On my nightstand
It's been awhile since I've had the luxury of reading a few books for pleasure (and it took me forever to get through my last stack, thanks to Steve Jobs' book. Glad I finished it, but it definitely changed my opinion of him, and not for the better). I'm happily making my way through a new stack.
1. Doctor on Everest by Kenneth Kamler, M.D. I bought this book for Ryan, but I'm reading it first. This book is another account of the tragic Everest expedition from 1996 (I've also read Into Thin Air and Climb) but from the perspective of someone trying to aid survivors of that epic storm. Kamler recounts his experience being a team physician for 5 or 6 different Everest attempts, including 1996 when 5 people died on the mountain. I find the medicine and science behind climbing the world's highest mountain both incredible and ridiculous. This book has been keeping me up late.
2. Academic Motherhood by Kelly Ward and Lisa Wolf-Wendel. This book is next on my list. Wolf-Wendel is a professor at KU in Lawrence and will be speaking to my 'girl power' group at work at the end of the month. I'm looking forward to her research on many, many moms in academia giving me insight into my own daily struggles for balance.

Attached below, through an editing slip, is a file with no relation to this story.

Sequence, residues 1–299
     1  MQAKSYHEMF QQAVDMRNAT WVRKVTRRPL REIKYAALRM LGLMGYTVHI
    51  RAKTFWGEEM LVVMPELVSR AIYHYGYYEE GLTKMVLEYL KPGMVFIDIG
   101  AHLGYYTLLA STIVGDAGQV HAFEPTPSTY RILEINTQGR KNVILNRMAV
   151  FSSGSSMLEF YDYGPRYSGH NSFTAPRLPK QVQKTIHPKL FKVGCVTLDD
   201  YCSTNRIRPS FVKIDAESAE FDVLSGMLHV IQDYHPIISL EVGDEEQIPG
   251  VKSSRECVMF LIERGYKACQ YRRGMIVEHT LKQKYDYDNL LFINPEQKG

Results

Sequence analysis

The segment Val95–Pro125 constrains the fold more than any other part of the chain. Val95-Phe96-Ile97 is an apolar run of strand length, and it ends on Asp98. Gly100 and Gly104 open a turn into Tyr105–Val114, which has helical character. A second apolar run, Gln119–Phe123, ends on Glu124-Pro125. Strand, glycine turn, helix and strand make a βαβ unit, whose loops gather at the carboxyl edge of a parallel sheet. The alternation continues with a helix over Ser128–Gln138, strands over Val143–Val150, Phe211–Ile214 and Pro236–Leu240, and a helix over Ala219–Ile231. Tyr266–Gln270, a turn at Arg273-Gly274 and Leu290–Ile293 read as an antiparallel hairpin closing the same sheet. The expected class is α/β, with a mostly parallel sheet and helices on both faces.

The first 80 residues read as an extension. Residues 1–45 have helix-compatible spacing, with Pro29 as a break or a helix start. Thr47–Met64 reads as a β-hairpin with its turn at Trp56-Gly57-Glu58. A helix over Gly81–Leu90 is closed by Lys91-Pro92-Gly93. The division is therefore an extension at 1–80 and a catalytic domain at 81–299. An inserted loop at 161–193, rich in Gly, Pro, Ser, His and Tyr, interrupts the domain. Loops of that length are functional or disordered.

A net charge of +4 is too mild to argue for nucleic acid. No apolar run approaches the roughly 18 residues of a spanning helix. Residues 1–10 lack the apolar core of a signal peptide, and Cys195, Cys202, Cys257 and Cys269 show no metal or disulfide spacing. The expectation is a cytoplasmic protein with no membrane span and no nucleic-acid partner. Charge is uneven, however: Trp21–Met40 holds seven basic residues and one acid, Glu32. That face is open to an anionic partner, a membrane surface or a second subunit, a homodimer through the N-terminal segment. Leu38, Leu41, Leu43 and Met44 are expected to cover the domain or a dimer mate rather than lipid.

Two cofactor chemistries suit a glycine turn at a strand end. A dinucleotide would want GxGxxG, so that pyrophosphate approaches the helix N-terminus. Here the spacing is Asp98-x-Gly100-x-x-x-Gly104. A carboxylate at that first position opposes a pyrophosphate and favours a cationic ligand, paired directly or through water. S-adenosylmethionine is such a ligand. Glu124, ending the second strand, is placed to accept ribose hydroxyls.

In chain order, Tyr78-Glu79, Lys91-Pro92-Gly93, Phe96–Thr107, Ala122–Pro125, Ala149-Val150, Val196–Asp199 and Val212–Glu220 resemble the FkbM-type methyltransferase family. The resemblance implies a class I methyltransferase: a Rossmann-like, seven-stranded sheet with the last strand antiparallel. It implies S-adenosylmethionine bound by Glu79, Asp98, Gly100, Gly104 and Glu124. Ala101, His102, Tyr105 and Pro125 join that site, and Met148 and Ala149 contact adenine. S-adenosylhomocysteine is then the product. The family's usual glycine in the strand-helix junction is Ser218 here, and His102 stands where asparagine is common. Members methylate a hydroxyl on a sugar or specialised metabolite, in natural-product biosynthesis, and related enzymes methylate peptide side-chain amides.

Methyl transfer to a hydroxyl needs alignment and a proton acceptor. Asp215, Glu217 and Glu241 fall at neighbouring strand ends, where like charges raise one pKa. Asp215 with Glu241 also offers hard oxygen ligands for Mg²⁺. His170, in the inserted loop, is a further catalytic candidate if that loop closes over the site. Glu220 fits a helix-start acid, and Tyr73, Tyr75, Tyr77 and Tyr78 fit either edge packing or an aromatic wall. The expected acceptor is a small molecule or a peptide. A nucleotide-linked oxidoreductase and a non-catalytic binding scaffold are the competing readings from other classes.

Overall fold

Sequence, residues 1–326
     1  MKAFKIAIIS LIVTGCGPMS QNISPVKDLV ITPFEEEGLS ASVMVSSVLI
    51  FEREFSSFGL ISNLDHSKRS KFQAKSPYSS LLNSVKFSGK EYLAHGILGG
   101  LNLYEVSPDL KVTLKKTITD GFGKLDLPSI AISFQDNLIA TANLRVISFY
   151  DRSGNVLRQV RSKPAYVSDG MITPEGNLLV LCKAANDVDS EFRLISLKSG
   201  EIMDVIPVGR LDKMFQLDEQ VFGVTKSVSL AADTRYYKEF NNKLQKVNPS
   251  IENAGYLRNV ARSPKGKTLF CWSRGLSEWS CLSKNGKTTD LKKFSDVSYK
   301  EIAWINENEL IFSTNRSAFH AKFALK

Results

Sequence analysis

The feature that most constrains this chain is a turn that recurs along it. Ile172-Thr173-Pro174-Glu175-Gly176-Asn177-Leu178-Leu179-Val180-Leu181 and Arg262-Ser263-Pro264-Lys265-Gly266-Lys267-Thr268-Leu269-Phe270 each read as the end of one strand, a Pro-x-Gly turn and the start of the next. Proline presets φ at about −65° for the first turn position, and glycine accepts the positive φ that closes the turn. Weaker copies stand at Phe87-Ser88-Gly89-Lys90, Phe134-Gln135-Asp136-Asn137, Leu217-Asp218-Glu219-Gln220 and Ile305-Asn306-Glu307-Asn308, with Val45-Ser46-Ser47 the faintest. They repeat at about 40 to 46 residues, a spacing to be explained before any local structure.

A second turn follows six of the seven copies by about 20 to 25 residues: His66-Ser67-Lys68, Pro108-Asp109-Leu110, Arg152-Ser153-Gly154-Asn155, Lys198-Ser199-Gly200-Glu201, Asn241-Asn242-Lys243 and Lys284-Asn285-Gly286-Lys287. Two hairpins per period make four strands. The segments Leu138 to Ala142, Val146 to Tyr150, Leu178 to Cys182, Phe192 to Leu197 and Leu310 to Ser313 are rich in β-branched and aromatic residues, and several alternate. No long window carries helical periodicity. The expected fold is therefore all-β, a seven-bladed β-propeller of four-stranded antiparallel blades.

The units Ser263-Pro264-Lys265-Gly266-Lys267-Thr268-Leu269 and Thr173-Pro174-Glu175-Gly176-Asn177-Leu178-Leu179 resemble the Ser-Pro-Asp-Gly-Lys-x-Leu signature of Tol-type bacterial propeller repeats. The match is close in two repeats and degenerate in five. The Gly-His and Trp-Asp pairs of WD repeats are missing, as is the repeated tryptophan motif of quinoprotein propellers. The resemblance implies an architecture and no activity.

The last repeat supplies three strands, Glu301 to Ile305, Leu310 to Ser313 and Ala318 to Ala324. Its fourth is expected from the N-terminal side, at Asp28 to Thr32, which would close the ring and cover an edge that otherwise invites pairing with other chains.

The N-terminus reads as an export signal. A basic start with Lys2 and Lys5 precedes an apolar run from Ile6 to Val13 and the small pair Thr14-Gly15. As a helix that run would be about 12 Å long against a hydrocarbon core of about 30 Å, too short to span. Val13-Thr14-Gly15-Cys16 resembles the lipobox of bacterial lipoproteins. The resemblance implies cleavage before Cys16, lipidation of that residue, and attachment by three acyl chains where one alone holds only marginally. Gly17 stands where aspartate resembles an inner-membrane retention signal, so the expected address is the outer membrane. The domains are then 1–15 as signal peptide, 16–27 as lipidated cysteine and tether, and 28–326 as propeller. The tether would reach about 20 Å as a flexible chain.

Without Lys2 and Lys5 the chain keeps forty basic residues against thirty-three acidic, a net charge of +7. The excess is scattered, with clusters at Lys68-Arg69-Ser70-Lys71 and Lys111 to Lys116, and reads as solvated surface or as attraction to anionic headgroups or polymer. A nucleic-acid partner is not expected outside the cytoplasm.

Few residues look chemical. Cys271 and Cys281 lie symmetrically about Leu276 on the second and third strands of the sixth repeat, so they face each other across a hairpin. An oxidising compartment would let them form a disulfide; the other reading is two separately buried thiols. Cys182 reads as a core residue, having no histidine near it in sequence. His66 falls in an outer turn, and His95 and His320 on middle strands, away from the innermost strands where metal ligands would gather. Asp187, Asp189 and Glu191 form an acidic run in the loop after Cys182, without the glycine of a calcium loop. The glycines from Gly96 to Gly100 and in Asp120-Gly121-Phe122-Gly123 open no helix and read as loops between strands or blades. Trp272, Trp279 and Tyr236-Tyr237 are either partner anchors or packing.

3. Beyond Snapshots by Rachel Devine and Peta Mazey falls into my learn something new category. Since purchasing my DSLR last Spring, I have really enjoyed using it and have taken many, many pictures. But it also makes me want to take better pictures and this book promises to teach me how to get it off "Auto" and make the most of my photos. I first learned about the book from reading Devine's blog where she shows amazing photos of her kids. I don't have ambitions to be the world's most original and artistic photographer, I just want to take interesting and lovely photos of my favorite 3 ft tall subjects.
4. Elevating the Everyday by Tracey Clark. This book is similar to Snapshots, a guide to taking better pictures of your kids and daily life events. Probably overly ambitious to read two books on photography, but I don't expect to sit down and read these cover to cover. I hope to challenge myself with one new skill or technique each week.
What is on your nightstand right now? This stack is a bit short for my preference and all my other books were inadvertently put in storage. I'm looking for suggestions and anything goes!
Do you like to read books about travel and far away places, even when you don't have plans to visit anytime soon? I always have a case of wanderlust, probably heightened now by having kids that make major travel less likely. For me, reading about exciting and faraway places is a close second to actually being there.